Instagram – top to bottom, left to right:
1. The caffeine stare that comes with the last day of London Fashion Week.
2. The one and only Christopher Bailey at Fashion Fringe.
3. Tata Naka’s ridiculously perfect pool party.
4. Lusting over the beauty look at Burberry.
5. Just discovered that you can brew your own Costa in Tesco. Technology, do werk.
6. Trying to get used to the change in weather/fashion.
7. iPad handwriting app love!
8. It has been a long week.
9. Somebody loves napping in her daddy’s sweater.
The majority of us – post-recession and all – don’t get the opportunity to splash out on designer gear. Even if we wanted to, it provides somewhat of a social issue to throw a £3,000 jacket on the credit card.
This is why I love sales. Always an advocate for high-end designers, sales provide me with a beautiful bridge between budget and luxury talent. One of my absolute favourite things to buy on the high-end (as mentioned in my book) are mix-and-match pieces. The kind of special pieces that provide somewhat “classic” shapes, have a little je ne sais quoi, yet work in a varied selection of outfits. Cost per wear, and all that jazz.
Thankfully, this designer sale season has a lot of things on offer.
My Personal Style Edit (above):
– It is a rare and wonderful thing to find a Burberry trench coat on sale, considering they are the most fabulous and well-constructed trenches in the world. This one is a steal, and almost a perfect replica of Audrey Hepburn’s (or should I say Holly Golightly’s) coat in Breakfast at Tiffany’s. You can find Burberry at farfetch.com
– Bodycon may be something of a trend, but a dress that nips in your every inch will be a favourite for years to come. The colours make a statement, and a dress like this – with so much detail around the bodice – will even work as a top under business layers. I chose the Herve Leger Scuba dress at Shopbop.
– The kind of jewellery that your great-great-great granddaughters will love to inherit? Pieces like this Oscar de la Renta necklace at The Outnet. Day…night…sleep…shower…I don’t think I could take it off!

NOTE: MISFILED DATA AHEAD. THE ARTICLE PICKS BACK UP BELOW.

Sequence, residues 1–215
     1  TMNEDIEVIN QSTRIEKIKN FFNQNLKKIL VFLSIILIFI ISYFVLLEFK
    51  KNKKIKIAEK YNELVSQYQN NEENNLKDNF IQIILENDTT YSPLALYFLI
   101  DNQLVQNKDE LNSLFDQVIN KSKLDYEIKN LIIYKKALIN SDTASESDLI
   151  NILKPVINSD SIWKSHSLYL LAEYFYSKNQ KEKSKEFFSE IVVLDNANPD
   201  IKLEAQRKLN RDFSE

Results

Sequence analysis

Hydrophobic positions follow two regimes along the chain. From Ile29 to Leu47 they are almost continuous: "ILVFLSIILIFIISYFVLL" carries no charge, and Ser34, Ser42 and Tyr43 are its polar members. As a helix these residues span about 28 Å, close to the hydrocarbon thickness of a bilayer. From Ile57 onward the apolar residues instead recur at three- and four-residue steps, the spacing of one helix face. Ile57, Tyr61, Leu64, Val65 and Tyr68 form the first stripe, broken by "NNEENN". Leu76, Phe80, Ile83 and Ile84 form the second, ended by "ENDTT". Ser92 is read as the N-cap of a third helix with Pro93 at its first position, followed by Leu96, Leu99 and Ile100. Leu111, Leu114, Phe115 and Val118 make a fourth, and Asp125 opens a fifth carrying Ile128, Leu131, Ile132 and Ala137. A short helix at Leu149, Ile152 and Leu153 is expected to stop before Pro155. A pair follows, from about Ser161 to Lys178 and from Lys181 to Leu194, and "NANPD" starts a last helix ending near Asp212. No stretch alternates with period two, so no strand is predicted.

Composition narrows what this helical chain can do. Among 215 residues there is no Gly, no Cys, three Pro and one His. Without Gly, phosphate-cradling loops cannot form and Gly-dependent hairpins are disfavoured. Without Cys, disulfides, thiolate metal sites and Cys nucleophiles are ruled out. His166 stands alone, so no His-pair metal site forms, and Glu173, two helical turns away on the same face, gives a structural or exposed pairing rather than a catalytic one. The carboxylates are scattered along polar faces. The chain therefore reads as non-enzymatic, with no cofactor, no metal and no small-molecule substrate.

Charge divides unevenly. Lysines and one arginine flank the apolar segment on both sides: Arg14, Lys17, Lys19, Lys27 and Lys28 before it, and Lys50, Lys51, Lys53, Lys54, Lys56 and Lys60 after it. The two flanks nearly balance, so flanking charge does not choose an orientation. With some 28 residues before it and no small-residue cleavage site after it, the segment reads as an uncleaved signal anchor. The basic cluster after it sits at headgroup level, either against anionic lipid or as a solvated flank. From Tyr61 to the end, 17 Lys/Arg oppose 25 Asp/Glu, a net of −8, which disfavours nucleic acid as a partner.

– Last but not least, Stella McCartney at Net-a-Porter. Conversation pieces are the classics that no-one can forget.
The concept of “The Collections on IVC 2012” is simply brilliant. Anyone who does anything similar from this day forward will be sidelined by the precedent inspiration of Vogue Italia‘s January 2012 edition.
The spread kicks off with a nonchalant traipse of Alexander McQueen‘s S/S 2012 best and ends with Natasha Poly in Dolce & Gabbana (Poly and Gabbana are like PB&J, to me). QVC-styled by Karl Templer and photographed by Steven Meisel, the model cast is incredible in itself; Daria Strokous, Caroline Trentini, Joan Smalls, Sigrid Agren, Karlie Kloss, Natasha Poly, and Gertrud Hegelund. Mix in some Burberry with Jen Kao, and some Louis Vuitton lemon candy couture? I’m sold. Find me my credit card. View Post
Boom! How bombshell delicious does Kate Winslet look on the cover of Marie Claire France‘s November 2011 issue? As a brunette who’s recently decided to go blonde (and stick to it, for once), she is radiating the confidence I need to go under the bleach with a smile. For her James White-lensed cover and photoshoot, Isabel Dupre was in charge of styling and Renato Campora fixed up her lovely blonde locks.
I should probably buy that Burberry trenchcoat for extra smiles, too. Sorry, bank manager.
Award for the most tech-savvy show of Spring/Summer 2012? Unless someone in Milan or Paris pulls out a teleporation device, it’s going to have to be Burberry. Not only were my favourite Fashion Week travellers in attendance (Kanye West, Sienna Miller, Rosie Huntington-Whiteley, Anna Wintour, Olivier Theyskens, Rachel Zoe, and Mario Testino), but the rest of the internet seemed to be in attendance too. There was a Tweetwalk, live stream, and instant online shopability for the collection (though the pre-orders won’t be mailed for six months). An excellently digital production.
And then there were the clothes. In reflect, it looks like designer Christopher Bailey was heavily influenced by London’s non-existent summers, as it was the darkest colour palette of the entire week and had a gorgeous abundance of plum and teal trenchcoats that were styled with incredibly detailed, wide belts. Patterns were large, rustic, and that tribal trend definitely found it’s way in.
The key anchor to this collection? Time. Time spent on constructing basket-woven sleeves, raffia hoods and beaded collars. Time spent on perfecting the ideals around pattern-complimentary wedges and oversized handbags. Time that equals justified pricepoint. View Post